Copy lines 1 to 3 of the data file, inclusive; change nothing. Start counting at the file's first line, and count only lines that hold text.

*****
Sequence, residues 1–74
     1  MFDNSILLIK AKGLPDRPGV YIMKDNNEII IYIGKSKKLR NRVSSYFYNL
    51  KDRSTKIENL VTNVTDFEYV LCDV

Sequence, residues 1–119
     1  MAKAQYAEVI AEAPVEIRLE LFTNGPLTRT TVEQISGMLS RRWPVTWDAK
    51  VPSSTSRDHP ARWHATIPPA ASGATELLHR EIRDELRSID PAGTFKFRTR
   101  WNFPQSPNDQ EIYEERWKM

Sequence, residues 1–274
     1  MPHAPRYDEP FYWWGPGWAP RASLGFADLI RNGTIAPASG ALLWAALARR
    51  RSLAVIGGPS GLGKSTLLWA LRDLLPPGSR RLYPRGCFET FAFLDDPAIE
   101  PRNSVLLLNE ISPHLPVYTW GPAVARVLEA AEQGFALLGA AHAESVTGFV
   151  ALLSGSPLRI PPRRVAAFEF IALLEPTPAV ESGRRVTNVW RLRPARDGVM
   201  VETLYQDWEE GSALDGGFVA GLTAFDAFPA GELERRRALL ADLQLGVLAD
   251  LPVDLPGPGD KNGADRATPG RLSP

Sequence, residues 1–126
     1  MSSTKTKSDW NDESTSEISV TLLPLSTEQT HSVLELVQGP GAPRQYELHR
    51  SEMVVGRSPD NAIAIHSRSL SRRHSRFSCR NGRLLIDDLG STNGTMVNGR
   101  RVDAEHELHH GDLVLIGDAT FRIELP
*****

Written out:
Sequence, residues 1–74
     1  MFDNSILLIK AKGLPDRPGV YIMKDNNEII IYIGKSKKLR NRVSSYFYNL
    51  KDRSTKIENL VTNVTDFEYV LCDV